Is that band weak  or very weak?

2. Is that band weak or very weak?

The Editor

Late last year we received an e-mail from Richard Duerst asking what relationship existed between absorbance and band intensities on the old and well established very weak/medium/very strong scales. I didn’t know, but I have enquired. I have spoken to several elderly spectroscopists and compared their thoughts with my own experience.

In years gone by when the intensity scale was devised, everyone plotted infrared and other absorption spectra on a % transmission scale. If absorbances were required suitably scaled chart paper was used and the absorbance duly read off the chart. Relatively few instruments could display absorbance on a linear scale until computer outputting became common.

On the % transmission scale everyone had their own way of describing bands – the whole subject was completely subjective. However, some rough and ready agreement can be reached by comparing experience. In the figure I draw a set of peaks and label them with verbal strength descriptions. I have checked these with Bill Maddams (an author of several feature articles in IJVS and a very experienced, but now retired spectroscopist). On the RH margin I have written in the absorbance scale using the well known formula.

I  = eEcl      


Whence for a given spectrum where c & l are fixed throughout

   – Log 10      I       = 2.303Ecl        (1)

The relationship between the absorbance and the % transmission is logarithmic and of course the negative sign inverts the spectrum. The conversion is that

   Absorbance = Log 10  I0                          (2)

Bands which absorb ‘completely’ are always described as very strong (sometimes very, very strong), but the meaning is as impossible to quantify as it is to compare the musical descriptions ff and fff! At the other extreme, the weakest bands people used to see were limited by the noise in the spectra – noise far worse that we see today. Two percentage points was about the reliable limit so these bands were described as very weak. Below this level imagination and or a high alcohol level in the blood stream became useful.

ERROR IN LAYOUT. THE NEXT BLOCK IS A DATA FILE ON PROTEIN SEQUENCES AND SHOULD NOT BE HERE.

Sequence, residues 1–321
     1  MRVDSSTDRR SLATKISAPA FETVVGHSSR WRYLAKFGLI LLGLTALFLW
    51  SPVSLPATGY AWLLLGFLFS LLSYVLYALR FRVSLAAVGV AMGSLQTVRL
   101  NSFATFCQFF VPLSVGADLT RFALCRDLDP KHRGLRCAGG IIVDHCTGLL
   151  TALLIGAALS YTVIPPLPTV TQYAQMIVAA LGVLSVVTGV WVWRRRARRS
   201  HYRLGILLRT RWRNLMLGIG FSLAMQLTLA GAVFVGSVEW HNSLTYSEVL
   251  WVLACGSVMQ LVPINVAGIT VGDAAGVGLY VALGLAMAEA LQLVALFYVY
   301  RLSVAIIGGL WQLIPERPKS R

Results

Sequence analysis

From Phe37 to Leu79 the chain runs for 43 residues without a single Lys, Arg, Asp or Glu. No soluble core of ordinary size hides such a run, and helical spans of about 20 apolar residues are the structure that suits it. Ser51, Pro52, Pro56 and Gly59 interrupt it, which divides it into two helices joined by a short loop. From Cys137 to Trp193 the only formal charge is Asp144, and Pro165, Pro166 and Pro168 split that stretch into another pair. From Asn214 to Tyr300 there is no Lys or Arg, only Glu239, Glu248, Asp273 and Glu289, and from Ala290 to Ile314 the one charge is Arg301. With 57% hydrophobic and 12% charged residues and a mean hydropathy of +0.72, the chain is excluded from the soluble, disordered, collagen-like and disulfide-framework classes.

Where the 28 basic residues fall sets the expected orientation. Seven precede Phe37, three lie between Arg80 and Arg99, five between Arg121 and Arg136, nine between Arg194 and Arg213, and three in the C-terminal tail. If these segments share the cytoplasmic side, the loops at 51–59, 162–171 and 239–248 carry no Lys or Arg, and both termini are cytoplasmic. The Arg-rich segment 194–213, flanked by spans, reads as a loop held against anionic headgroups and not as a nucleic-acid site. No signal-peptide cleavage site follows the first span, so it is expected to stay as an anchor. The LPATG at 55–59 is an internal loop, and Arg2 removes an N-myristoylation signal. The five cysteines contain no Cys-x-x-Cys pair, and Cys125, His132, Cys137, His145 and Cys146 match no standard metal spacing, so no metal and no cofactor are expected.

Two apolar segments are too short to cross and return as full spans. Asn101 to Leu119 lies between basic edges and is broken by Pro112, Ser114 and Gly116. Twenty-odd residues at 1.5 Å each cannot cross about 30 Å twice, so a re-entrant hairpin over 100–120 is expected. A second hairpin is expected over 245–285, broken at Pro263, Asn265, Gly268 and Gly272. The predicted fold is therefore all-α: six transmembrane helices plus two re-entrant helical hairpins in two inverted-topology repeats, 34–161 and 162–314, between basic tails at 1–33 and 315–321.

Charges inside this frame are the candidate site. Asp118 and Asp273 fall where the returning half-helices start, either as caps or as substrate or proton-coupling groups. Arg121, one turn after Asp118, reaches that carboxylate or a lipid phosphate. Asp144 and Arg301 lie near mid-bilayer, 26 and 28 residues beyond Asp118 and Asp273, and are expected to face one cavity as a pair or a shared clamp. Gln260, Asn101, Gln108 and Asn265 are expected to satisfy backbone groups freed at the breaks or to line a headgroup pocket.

I remember that when I was a Postgrad, we used a Hilger H800 Prism instrument. Below 700cm-1the noise was pretty awful, but my supervisor Don Powell was studying metal amine complexes. Now the nPt-N in platinum II amino complexes can be very weak indeed and Don announced one day he had “found the band”. He showed me a Honewell chart and pointed to this world stopping feature – I couldn’t see a thing! Tipping the paper up and looking alongthe trace was the trick I was told very firmly. To be honest, I still couldn’t see “the band”, but as we all know PhD Supervisors like customers are always right. Later on, Donald ‘got his act together’ and “the band” he saw was confirmed. Phew!

So we get the descriptions in Figure 1 and hence can read off the absorbance values as an equivalent scale. 

Figure 1. Graphical Representation of band strengths 
% Transmission & Absorbance







Table 1. Equivalence of verbal band strengths, 
%transmission and absorbance values. 
Last two lines see script below.

As spectrometers (or to be pedantic interferometers) have such excellent stray light and S:N characteristics these days, the scale above which refers to the historic literature could well be extended to include Extremely Strong and Extremely Weak.

REF: P.J.Hendra, Internet J. Vib. Spec.[] 5, 1, 2 (2001)